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On Gulf Coast Toads and the Changing of the Geni September 23, 2019

Posted by intellectualgridiron in Science.
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A Gulf Coast Toad hangs out on a rock in Fort Worth (photo by author).  Commonly found in a large part of Texas, it is emblematic of major taxonomical changes in the iconic toad family of Bufonidae.

On my bookshelf is a copy of the venerable Aububon Society Field Guide to North American Reptiles & Amphibians (11th Printing, 1992).  I have had this copy since I was in junior high.  That was slightly more than a quarter-century ago.  Upon recently thumbing through the toad section, I found the photo entry for the Gulf Coast Toad.

My interest in this species was piqued because several weeks ago, I found the first one along my home here in the DFW Metroplex.  Last summer was the first time I had found (and photographed) one in the [sort-of] wild, having found one at the Fort Worth Botanical Gardens.  Naturally, I consider these “firsts” all kinds of cool, since this is a totally different species from the toads I grew up finding in southern Indiana.  There, the options were Fowler’s Toads and American Toads, mostly the former.  It’s a sign of finding different fauna in a different part of the country, which is something I find rather exhilarating.

Back to the Gulf Coast Toad entry in the Audubon Society Field Guide (entry 246):  on the explanatory pages (397-398), the species is listed as Bufo valliceps.  At this same time, the Fowler’s Toad was listed as B. fowleri, and the American Toad was B. americanus.  Indeed, the very genus of Bufo has been synonymous with toads themselves.

Not anymore.  The Bufo genus over the years had become a very cosmopolitan genus for toads.  Apparently, to a critical mass of taxonomists, the genus had become a little too cosmopolitan, and some species formerly within said genus have been spun off into their own geni.  For example, the Fowler’s and American Toads are now Anaxyrus fowleri and Anaxyrus americanus, respectively.  The Gulf Coast Toad now belongs to genus Incilius instead of Anaxyrus.  Since the species listed in the old Audubon field guide was B. valliceps, it would now logically be Incilius valliceps.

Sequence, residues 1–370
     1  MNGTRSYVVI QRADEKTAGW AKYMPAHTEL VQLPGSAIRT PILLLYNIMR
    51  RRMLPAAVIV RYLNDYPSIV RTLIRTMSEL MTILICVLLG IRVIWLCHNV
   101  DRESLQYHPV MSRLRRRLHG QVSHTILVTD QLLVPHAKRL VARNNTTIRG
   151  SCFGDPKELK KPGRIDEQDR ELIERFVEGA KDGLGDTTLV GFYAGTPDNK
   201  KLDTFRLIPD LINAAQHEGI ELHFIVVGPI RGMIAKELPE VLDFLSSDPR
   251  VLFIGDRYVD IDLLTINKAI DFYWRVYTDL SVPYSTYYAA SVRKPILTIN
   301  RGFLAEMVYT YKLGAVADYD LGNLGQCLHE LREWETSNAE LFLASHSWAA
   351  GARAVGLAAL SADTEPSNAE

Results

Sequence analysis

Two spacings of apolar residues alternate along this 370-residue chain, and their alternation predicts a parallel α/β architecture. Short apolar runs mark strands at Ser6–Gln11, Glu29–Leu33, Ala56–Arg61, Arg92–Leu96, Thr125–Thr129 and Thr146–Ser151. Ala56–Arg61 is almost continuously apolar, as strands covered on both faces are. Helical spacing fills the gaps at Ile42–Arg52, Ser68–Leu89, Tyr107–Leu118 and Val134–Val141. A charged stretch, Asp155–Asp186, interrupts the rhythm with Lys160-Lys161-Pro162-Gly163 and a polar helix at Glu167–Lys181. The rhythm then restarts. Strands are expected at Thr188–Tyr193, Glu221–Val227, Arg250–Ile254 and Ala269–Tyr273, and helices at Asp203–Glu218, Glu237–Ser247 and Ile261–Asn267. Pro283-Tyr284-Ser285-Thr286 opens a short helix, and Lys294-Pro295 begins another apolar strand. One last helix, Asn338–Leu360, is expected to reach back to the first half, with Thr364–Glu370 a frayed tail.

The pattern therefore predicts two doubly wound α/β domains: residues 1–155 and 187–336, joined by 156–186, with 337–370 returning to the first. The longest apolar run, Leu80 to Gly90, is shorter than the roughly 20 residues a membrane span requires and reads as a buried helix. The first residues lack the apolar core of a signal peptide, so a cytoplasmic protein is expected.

Except that it is not.  As it turns out, there are two types of Gulf Coast Toad:  to be more precise, two species that represent two different geographical populations.  I. valliceps, the ostensible representative of the Texas and Louisiana population (the northern population), is actually the species for the Mesoamerican population (that is, the southern population).  The Gulf Coast Toads found here in Texas are actually I. nebulifer.

All of this is a fairly recent development.  The northern population of Gulf Coast Toads went from Bufo valliceps to Incilius nebulifer in just 15 years.  Yes, many other toads found in North and Central America have also been reclassified into either Anaxyrus or Incilius.

Not to fret, though, Bufo fans:  the genus is still alive and well, and still represents 150 species within family Bufonidae.  The geni Anaxyrus and Incilius still belong to family Bufonidae as well.  Bufo also remains the genus for the largest known species of toad, the Marine Toad, a.k.a., the Cane Toad (B. marinus), which has become an invasive species in Florida (also found in extreme south Texas:  think McAllen and Brownsville).

In any case, it remains amazing to see how a species commonly found in much of Texas has had such a journey through taxonomical placement.  But the implications of these recent developments are potentially profound, for they serve as a reminder to all of us how nothing is static, and how little of science is actually “settled” science.

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